Add the perfect amount of protein with nuts and seeds

Adding protein to your smoothie is easy when you think like a squirrel. Nut proteins are easy to add when in butter form and they give you a healthy dose of nutritious vitamins and fats. For example, peanut butter contains 8 grams of protein in 2 tablespoons. It also ranks high in monosaturated fats and is an excellent source of vitamin E. 

However, peanut allergies affect about 1.8% of the population in the U.S., according to Frontiers in Public Health. Those with an allergy might be able to enjoy the protein in other tree nut butters like almond (7 grams), cashew (6 grams), or walnut (5 grams). Almonds are also a great source of non-milk calcium at 385 milligrams in a cup, per Medical News Today. Additionally, WebMD notes that eating a small amount of cashews daily provides a reduction in bad cholesterol and helps prevent heart disease. When it comes to walnuts, these tree nuts are an impressive source of omega-3, which can benefit depression and improve heart disease risks, per Cleveland Clinic.

If all tree nuts are off the table due to allergies or gut issues, look to seeds for protein. Healthline boasts that flaxseeds contain 5 grams of protein per ounce, while chia seeds contain about 4 grams. Hemp seeds also have an impressive nearly 9 grams of protein for an ounce. They are also a perfect source of fiber and blend into any recipe with ease.

Slip some soy into your smoothie

Go beyond soy milk for a rich and creamy smoothie with loads of protein. Edamame is a tiny green soybean considered one of the best plant protein sources. Emma Newell, R.D., LDN, a registered dietitian, told Real Simple, "This means that it contains all nine essential amino acids, which is great for vegetarians and vegans, as it can be difficult to find plant-based options that are complete protein sources." And, with a whopping 18 grams per cup, it's hard to go wrong. It also sports heart-healthy fats and micronutrients like iron, copper, vitamin K, and folate. Create a delicious green smoothie by combining edamame with green apple and mango to give it just the right amount of sweetness.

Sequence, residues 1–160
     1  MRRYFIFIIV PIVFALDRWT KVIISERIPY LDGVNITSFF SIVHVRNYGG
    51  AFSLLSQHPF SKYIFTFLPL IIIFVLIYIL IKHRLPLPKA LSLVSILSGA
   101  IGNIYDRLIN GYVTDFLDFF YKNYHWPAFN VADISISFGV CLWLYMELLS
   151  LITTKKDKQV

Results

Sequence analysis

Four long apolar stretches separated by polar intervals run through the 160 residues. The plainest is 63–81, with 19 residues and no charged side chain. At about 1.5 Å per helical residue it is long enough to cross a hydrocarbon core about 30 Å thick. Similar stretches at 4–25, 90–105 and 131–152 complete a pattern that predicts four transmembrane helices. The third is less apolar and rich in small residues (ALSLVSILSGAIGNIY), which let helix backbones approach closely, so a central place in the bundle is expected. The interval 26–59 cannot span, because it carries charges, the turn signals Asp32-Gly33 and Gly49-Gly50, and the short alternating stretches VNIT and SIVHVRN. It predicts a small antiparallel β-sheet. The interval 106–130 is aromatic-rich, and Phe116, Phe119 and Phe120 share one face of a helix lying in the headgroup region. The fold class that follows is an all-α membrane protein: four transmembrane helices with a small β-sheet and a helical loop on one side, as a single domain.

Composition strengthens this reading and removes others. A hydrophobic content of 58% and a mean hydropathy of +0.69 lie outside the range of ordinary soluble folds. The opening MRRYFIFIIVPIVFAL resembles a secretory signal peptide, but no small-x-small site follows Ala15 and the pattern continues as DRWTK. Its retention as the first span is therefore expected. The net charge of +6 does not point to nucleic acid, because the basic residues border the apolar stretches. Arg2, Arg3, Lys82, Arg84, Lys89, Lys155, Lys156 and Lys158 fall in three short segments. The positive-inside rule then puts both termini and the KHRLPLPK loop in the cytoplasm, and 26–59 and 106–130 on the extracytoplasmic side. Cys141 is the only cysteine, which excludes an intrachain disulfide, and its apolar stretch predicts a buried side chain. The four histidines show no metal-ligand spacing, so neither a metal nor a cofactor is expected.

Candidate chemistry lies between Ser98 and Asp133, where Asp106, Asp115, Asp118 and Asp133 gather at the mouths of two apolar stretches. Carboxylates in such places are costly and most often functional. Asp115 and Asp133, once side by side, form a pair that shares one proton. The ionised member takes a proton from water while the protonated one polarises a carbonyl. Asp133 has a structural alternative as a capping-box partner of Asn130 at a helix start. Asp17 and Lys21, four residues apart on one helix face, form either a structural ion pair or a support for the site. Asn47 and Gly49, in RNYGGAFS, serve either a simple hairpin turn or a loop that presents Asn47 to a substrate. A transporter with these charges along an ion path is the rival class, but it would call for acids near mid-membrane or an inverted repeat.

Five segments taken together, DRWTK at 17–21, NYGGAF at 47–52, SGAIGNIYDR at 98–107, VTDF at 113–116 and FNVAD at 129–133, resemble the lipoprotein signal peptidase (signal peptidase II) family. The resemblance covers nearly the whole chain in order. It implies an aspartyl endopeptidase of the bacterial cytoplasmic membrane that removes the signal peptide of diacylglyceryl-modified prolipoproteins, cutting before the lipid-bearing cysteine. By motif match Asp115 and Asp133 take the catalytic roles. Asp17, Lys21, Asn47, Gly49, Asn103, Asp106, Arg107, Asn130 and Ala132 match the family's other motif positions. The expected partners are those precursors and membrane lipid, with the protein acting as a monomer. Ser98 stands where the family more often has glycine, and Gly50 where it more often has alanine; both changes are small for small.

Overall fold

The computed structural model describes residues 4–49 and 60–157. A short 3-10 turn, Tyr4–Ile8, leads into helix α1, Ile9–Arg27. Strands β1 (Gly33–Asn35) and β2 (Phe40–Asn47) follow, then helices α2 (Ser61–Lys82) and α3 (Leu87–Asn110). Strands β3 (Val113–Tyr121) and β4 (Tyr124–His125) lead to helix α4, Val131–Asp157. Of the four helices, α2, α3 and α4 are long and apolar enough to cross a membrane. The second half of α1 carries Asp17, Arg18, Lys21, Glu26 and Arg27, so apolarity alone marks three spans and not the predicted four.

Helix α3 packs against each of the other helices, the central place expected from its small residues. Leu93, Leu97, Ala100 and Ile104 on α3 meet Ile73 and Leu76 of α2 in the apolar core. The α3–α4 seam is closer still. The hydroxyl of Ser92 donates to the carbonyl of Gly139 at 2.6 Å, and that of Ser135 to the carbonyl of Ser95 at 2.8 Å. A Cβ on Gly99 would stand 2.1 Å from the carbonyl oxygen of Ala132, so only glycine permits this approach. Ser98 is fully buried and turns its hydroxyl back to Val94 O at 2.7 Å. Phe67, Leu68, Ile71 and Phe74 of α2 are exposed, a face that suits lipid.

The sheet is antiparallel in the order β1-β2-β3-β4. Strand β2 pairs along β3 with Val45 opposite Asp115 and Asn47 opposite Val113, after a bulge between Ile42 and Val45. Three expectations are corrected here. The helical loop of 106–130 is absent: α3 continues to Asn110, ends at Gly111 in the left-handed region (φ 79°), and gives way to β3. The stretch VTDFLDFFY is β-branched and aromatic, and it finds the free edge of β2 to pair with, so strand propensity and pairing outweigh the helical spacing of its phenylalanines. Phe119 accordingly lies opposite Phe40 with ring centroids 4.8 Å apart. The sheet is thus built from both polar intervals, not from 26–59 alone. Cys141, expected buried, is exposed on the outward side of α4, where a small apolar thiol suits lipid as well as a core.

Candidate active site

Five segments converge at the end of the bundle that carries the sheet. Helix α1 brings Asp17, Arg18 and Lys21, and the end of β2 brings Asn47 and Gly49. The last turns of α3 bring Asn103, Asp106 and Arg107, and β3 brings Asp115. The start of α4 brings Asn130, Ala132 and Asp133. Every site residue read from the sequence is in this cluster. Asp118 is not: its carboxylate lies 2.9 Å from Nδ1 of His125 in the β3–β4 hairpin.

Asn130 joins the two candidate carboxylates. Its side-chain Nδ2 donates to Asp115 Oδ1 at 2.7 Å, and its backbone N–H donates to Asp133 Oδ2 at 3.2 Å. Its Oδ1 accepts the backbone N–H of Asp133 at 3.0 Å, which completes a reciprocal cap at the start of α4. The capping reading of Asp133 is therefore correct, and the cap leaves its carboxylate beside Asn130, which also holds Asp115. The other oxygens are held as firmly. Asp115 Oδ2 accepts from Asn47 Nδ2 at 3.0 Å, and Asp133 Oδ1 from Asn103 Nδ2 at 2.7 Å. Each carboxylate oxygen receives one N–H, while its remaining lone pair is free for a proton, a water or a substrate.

If green isn't your color, silken tofu might be more your style. This style of tofu is left unpressed, so it has a creamy, custard-like consistency, according to the American Heart Association (AHA). A half cup of silken tofu contains 9 grams of protein and is rich in vitamins and minerals, according to the University of Illinois Urbana-Champaign. Additionally, the AHA states that tofu and soy contain isoflavones, which have various health benefits. For example, a 2019 study in Molecules showed these compounds were chemoprotective and could be used as alternative therapies for hormonal disorders.

Bulk your protein smoothie up with beans and lentils

Among plant-based proteins, soy is the king. However, variety helps to keep your smoothie fun. Other plant-based proteins like beans can give you a good protein punch in the morning or post-workout. Nicole Hopsecger, R.D., L.D., told Cleveland Clinic, "Beans and legumes are fiber-rich nutrient powerhouses and an excellent source of protein. One serving (½ cup cooked) of beans provides about 7 grams of protein, the same as 1 ounce of meat."

When edamame isn't in the fridge, grab some lentils for your nutritious drink. Cooked lentils have 17.9 grams of protein, per My Food Data. They are also where it's at for folate, fiber, iron, potassium, and manganese (per Harvard T.H. Chan School of Public Health). It was also found that lentil starch is good at delaying the absorption of carbohydrates. Try creating a green smoothie with green apple, cinnamon, and ginger. You get a protein boost, and your sweet tooth is satisfied.

Beyond just the lovely lentils, other legumes like large white beans, cranberry beans, split peas, pinto beans, and kidney beans have more than 10 grams of protein per cup and are easy to slip into your smoothie recipe, per My Food Data. Adding sweet fruits and other veggies like cucumber helps to round out the flavor and gives you a sweet treat to start your morning.